“I doubt we have enough in common for that to happen,” the detective says as she is handed her own sword. Using a cloth napkin, she pulls the first piece of beef off the blade and takes a bite. “The truth is that I already know some stuff about you. Born on Long Island and lost your father to a collapsed house. Never stood out as a child and failed to finish college. Then there was your time at Raven’s Hold and you came out as a successful entrepreneur. Honestly, the only interesting part of your life is the present.”

Swinging her legs off the table and into Gemma’s lap, the other woman repeatedly clicks her heels. “I was a boring child with problems. Now I’m an exciting adult with eccentricities. It’s not worth talking about, so maybe you’re right that we only have the game. Such a shame because I have so few friends. Some of them are even real.”

“Excuse me,” a man dressed as a pirate says as he approaches the ropes. He bows his head and wrings the hat in his hands, the small feather frayed beyond recognition. “I can’t find my daughter. Have you-”

“No! Now stop interrupting.”

“Could one of-”

“No! Now if you don’t find her by midnight then grab a woman and make a new one.”

“But-”

“Stop interrupting and go walk the plank.”

With tears in his eyes, the man drops his hat and wanders to the highest diving board. He puts out his hands for a lifeguard to bind them with rope, the restraint loose enough for him to easily break. The other guests let him climb the ladder and gather around the edge of the pool to watch him dive. It is more of a clumsy fall with flailing legs that results in a back first landing and a loud groan of sympathy from the crowd. The man’s arms spread upon impact and remain splayed even when two lifeguards fish him out of the water. Carried to the volcano, he is placed on one of the lower niches and handed a cocktail for his trouble. His eyes remain closed and he whimpers, but nobody can figure out if it is out of pain or missing his daughter.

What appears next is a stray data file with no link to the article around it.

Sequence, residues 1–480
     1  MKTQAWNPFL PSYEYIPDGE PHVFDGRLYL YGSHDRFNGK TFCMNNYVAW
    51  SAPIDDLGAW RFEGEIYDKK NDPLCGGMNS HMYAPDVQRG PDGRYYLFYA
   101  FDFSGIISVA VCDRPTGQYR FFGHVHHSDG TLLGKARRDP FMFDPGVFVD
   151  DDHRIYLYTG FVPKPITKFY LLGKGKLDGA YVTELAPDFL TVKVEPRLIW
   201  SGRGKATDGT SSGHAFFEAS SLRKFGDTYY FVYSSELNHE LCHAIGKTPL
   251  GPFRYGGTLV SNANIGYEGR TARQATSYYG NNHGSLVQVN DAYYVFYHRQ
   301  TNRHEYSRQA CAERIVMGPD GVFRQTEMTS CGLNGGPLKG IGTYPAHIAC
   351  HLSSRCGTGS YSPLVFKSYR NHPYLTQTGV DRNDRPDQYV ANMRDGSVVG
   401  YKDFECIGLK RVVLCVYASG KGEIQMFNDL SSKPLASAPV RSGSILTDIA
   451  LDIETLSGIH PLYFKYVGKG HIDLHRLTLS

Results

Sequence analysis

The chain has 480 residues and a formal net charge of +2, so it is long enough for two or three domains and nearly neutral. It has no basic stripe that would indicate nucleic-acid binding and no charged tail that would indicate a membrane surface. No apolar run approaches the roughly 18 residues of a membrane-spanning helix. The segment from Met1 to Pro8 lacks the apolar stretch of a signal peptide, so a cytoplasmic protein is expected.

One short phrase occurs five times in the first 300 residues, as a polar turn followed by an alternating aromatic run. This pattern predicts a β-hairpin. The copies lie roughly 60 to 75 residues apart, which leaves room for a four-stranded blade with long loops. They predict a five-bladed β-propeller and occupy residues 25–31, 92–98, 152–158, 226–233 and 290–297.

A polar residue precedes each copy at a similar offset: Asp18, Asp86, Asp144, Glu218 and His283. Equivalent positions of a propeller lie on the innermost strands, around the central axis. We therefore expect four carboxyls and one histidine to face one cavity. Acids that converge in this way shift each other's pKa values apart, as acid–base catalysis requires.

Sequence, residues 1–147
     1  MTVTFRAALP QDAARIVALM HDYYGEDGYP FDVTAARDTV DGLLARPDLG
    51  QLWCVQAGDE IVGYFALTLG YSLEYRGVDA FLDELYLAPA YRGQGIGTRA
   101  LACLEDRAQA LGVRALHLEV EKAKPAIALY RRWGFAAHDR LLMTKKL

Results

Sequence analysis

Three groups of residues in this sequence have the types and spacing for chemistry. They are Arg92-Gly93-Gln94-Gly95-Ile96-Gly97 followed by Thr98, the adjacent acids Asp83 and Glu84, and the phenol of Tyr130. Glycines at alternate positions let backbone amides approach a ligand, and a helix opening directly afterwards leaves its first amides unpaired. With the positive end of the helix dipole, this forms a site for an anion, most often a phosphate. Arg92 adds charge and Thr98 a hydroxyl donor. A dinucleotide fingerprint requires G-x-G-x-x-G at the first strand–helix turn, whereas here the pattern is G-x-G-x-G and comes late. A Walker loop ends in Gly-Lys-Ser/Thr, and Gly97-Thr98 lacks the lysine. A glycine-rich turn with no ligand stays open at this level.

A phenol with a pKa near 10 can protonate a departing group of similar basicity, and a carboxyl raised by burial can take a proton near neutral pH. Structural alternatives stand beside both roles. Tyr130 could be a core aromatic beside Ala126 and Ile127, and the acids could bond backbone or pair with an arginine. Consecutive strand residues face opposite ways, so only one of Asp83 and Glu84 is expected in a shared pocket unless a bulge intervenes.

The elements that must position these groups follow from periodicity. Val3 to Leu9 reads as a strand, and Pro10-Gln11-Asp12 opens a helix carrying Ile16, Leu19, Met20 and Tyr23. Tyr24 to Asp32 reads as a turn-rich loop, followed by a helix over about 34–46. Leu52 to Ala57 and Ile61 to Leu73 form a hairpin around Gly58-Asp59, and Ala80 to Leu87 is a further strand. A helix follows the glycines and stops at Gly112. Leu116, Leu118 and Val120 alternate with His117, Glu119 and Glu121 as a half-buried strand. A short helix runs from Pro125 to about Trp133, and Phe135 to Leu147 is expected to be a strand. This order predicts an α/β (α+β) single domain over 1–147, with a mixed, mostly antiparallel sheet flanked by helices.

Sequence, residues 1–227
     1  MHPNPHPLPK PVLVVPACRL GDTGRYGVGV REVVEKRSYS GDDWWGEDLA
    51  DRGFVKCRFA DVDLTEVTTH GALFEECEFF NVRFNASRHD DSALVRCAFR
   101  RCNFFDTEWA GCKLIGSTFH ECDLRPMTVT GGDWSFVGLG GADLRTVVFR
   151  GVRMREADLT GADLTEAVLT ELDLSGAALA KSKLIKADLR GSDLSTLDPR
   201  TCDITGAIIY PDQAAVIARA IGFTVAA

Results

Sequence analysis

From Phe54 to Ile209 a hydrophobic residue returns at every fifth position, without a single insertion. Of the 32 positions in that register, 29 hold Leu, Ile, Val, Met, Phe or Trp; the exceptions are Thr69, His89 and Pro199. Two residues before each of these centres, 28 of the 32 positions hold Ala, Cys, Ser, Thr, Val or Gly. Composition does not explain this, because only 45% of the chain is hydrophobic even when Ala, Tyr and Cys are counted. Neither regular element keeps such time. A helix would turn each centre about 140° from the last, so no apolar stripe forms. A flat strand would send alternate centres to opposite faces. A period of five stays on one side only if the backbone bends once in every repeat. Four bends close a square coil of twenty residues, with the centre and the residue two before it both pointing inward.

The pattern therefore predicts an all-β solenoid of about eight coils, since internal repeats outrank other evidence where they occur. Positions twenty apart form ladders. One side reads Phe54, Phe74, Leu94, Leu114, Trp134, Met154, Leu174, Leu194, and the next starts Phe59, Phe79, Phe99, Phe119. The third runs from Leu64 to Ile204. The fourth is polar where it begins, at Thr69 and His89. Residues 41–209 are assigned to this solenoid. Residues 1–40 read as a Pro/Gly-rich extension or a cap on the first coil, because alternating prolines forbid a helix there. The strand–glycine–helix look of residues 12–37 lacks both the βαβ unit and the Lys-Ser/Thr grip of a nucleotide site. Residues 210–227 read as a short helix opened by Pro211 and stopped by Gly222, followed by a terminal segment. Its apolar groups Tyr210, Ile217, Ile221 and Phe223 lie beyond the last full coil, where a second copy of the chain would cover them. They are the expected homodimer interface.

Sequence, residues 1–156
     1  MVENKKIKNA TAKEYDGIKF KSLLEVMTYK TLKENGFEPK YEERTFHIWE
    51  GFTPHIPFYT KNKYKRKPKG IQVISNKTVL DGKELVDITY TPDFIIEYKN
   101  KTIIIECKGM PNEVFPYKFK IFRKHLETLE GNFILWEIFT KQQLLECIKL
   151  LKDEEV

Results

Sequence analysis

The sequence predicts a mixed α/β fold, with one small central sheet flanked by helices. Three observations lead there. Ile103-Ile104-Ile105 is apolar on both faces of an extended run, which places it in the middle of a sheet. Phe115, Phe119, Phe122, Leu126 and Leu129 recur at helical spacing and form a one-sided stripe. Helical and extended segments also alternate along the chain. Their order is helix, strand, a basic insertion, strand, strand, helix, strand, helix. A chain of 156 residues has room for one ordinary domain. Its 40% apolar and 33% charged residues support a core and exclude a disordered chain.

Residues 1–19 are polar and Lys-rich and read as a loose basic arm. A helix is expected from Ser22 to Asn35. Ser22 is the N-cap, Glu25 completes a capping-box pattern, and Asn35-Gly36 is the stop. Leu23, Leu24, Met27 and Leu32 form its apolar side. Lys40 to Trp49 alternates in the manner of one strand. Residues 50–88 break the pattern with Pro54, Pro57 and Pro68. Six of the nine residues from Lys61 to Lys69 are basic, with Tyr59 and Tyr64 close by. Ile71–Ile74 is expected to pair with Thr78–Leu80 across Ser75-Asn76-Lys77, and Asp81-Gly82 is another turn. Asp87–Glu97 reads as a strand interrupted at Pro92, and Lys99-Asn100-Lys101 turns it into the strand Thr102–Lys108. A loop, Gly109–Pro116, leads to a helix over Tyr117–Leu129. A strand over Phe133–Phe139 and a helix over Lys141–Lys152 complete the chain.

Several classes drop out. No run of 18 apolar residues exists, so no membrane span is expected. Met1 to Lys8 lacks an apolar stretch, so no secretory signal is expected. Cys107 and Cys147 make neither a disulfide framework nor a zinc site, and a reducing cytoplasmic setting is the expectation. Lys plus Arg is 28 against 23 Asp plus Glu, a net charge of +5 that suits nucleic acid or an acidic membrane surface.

As the party continues, Gemma scans the guests and picks out several people who appear to be searching for something. They are holding out phones or wallet pictures, their faces etched with stress and sorrow. Whenever one of them talks to a hotel employee, they are escorted to the volcano, which is glowing to give the illusion of spewing lava. Turning back to Dawn, she notices the brief flicker of a smirk on the other woman’s face. Placing her food on the table, Gemma opens her mouth to speak when the parrot begins cawing like a raven. The animal only stops when one of the female staff members holds out a pomegranate that has already been sliced open.

“You’re going to ask me what I did,” Dawn moans as she draws a flintlock pistol. Aiming the weapon at her mouth, she fires a jet of orange juice that makes her gag. “That was a terrible idea. Just like asking me that question. First of all, you can see what’s going on. No reason to ask for me to spell things out for you. That’s all I have. So I guess I didn’t have to say first of all. I probably forgot the other points.”